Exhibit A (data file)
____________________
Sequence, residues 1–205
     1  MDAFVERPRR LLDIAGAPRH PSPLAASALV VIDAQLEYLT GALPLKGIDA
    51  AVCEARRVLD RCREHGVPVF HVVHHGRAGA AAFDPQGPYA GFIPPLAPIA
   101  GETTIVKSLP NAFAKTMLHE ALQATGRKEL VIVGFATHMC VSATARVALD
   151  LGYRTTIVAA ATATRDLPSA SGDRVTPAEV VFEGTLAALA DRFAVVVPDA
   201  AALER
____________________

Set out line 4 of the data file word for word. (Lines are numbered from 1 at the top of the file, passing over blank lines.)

   101  GETTIVKSLP NAFAKTMLHE ALQATGRKEL VIVGFATHMC VSATARVALD